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    WHS Crawford

    Map Academy

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    A shipping firm partner and photographer in British India, William Henry Stanley Crawford is renowned for the improvements he proposed to existing daguerreotype processes. He also ran a daguerreotype studio on Marine Street in Bombay (now Mumbai) in 1854. He was the secretary of the Bombay Photographic Society from 1856–60, as well as co-editor of its journal alongside photographer William Johnson. He was also an instructor of photography at the Elphinstone Institute, Bombay, from 1855–57, where he mentored photographers such as Hurrychund Chintamon.

    In 1853, Crawford published Treatise on Photography, in which he proposed an improvement to the existing daguerreotype process by suggesting that a cup of heated mercury be placed inside the camera during and for a while after exposure in order to heighten the sensitivity of the plate to light, reduce exposure time and obtain greater sharpness and detail. He also proposed a camera design that could accommodate this revised procedure for travel, doing away with the mercury box and, therefore, allowing for greater portability and speed. His development was later challenged by British photographer Antoine Claudet, who claimed that he had patented the process in 1840, but had failed to achieve much success with it.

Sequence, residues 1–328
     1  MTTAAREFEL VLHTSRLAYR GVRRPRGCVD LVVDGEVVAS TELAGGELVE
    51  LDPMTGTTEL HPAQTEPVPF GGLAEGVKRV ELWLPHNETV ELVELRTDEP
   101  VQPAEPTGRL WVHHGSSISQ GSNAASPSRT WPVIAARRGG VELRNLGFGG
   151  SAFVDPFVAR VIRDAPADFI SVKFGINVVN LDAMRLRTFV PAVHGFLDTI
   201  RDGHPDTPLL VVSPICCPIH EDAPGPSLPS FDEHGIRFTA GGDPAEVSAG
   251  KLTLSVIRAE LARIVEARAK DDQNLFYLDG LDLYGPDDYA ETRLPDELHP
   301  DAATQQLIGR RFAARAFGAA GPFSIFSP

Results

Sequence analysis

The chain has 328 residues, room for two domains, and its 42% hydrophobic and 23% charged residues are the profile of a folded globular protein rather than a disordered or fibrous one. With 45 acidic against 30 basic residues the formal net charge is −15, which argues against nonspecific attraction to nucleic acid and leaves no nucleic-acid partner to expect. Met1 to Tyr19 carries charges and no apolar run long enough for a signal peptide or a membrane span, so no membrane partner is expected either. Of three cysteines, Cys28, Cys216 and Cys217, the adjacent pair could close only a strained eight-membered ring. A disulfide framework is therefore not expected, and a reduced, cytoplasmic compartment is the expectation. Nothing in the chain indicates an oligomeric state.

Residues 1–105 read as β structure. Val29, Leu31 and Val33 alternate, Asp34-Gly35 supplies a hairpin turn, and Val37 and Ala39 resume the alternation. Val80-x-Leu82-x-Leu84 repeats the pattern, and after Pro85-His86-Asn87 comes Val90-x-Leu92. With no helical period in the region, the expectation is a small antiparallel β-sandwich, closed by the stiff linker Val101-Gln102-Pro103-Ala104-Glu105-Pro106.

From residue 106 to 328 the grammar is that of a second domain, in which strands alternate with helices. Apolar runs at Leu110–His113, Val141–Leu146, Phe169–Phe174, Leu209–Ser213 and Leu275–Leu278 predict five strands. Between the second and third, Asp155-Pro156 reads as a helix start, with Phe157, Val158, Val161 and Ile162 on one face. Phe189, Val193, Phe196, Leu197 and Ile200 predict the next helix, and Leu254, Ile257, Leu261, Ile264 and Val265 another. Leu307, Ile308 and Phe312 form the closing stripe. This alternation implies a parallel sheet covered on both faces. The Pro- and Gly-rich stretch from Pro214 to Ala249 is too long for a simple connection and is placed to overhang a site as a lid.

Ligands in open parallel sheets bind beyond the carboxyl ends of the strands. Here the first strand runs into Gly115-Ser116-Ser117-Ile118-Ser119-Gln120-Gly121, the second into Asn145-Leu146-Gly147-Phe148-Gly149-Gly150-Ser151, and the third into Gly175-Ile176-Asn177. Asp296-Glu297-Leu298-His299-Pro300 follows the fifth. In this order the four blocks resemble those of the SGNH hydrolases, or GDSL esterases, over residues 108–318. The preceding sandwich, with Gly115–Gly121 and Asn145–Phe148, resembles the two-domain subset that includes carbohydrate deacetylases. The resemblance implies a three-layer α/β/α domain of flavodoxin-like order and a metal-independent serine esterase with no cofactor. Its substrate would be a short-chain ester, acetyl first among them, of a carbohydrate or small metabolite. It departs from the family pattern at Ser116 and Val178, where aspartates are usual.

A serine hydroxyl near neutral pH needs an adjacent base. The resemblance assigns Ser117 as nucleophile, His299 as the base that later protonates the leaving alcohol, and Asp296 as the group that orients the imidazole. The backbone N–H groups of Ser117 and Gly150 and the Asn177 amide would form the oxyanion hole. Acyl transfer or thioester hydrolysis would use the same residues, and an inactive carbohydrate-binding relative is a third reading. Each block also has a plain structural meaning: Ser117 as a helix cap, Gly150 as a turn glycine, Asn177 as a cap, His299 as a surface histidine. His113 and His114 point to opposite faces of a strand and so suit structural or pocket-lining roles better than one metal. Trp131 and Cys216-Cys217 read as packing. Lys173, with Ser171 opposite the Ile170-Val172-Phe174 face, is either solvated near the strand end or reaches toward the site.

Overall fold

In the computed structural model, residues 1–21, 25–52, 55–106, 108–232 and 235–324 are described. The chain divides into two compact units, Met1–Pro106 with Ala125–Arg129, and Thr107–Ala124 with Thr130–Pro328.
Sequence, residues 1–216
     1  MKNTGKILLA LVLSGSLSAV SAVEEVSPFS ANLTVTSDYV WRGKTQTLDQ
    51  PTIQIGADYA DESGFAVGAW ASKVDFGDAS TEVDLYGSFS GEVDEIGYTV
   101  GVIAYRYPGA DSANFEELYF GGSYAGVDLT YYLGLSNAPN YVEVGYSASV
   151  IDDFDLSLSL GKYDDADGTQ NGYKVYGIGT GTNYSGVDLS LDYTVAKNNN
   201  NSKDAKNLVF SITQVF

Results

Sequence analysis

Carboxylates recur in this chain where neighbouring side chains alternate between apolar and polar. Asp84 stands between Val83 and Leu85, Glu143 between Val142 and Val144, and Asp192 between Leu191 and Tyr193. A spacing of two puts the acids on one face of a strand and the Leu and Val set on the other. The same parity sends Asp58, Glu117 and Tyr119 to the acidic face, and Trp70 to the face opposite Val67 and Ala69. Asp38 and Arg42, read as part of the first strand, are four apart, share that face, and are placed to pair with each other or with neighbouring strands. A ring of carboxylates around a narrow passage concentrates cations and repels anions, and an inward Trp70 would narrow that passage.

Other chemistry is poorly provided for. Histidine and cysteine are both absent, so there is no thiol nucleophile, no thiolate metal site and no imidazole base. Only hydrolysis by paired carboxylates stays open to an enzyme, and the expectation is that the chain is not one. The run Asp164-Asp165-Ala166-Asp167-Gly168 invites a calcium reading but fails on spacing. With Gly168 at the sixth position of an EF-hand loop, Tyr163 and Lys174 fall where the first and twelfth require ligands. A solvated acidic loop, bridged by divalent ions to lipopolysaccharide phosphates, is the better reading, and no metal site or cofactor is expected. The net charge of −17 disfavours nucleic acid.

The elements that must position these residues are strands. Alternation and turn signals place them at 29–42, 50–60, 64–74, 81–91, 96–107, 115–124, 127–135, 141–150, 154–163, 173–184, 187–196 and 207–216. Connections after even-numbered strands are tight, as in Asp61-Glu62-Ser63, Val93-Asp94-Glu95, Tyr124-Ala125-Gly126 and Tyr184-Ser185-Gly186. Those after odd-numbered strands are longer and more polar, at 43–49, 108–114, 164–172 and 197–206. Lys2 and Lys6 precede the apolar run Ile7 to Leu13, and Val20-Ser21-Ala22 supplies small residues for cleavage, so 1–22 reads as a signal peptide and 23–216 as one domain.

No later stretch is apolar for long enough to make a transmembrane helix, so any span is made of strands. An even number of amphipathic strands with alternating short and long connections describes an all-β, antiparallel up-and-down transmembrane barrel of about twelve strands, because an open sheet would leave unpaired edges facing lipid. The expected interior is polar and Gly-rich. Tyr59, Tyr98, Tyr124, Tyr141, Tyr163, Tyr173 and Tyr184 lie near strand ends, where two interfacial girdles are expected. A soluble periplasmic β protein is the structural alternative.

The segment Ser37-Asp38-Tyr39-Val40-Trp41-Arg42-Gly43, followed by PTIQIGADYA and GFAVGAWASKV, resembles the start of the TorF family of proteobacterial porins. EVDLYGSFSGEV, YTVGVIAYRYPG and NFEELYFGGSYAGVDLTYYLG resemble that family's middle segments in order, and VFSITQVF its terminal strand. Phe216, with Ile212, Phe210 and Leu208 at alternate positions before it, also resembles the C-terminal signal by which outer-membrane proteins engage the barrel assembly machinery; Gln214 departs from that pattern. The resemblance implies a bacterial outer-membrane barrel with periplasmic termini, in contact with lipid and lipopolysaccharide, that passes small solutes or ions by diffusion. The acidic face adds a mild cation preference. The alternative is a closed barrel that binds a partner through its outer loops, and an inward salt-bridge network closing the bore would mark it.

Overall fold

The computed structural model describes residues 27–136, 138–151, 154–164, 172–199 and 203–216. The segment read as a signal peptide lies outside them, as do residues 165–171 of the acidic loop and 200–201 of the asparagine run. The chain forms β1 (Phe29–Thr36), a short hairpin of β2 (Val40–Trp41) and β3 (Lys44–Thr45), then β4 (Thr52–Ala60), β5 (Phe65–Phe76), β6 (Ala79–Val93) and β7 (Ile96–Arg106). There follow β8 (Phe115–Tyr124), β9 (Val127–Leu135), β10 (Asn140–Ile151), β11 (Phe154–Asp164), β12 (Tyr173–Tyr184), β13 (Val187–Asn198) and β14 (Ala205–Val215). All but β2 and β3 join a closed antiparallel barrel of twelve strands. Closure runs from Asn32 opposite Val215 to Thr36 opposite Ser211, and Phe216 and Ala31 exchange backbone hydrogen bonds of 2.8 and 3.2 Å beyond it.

From 1855 onwards, Crawford shifted to using the calotype process, wherein he coated his paper negatives with wax. In 1856, he organised a showing of images made using paper negatives at the Bombay Photographic Society. He further outlined his process for paper negatives in an article titled “The Waxed Paper Process for Hot Climates” published in The Photographic News (1859), stating that the procedures recommended by practitioners in England were unsuitable for the Indian amateur photographer owing to variations in climatic conditions, especially the impact of Indian humidity and heat on waxed paper treated with organic matter.

    Crawford is believed to have abandoned professional photography in 1857, following his brief teaching stint at the Elphinstone College, to manage a steam navigation company and later, become a coffee planter in Wayanad, Kerala. He died in Tellicherry (now Thalassery), Kerala in 1883.


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